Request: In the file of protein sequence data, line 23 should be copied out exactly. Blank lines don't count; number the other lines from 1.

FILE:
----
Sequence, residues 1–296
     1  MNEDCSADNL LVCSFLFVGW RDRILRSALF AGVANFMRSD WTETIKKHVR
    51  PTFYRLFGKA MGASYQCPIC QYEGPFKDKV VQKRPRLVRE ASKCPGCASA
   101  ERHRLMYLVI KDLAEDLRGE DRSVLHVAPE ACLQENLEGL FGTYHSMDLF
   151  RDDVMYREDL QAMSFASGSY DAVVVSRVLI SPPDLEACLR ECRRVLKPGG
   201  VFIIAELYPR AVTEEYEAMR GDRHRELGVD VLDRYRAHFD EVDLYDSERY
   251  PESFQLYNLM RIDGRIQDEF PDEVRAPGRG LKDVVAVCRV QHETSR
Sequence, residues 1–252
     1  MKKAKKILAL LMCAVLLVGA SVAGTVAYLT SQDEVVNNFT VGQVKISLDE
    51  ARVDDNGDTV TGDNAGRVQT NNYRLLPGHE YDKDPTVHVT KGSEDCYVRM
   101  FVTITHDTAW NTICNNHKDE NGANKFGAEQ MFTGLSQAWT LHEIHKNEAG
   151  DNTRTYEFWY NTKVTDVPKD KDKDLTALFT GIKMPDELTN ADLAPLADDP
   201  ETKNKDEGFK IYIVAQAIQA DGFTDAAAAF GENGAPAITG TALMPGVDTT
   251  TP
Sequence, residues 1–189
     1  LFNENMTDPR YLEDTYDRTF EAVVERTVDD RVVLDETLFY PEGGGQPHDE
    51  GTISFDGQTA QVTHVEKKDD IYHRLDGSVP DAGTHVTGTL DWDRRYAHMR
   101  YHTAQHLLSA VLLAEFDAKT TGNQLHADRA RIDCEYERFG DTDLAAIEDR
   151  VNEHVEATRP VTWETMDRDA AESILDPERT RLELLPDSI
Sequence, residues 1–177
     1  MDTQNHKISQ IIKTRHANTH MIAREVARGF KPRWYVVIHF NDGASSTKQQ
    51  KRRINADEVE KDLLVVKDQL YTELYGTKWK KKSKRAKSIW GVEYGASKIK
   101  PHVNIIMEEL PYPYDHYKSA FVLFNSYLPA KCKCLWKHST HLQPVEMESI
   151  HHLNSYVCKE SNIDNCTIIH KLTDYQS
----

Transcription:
   101  PHVNIIMEEL PYPYDHYKSA FVLFNSYLPA KCKCLWKHST HLQPVEMESI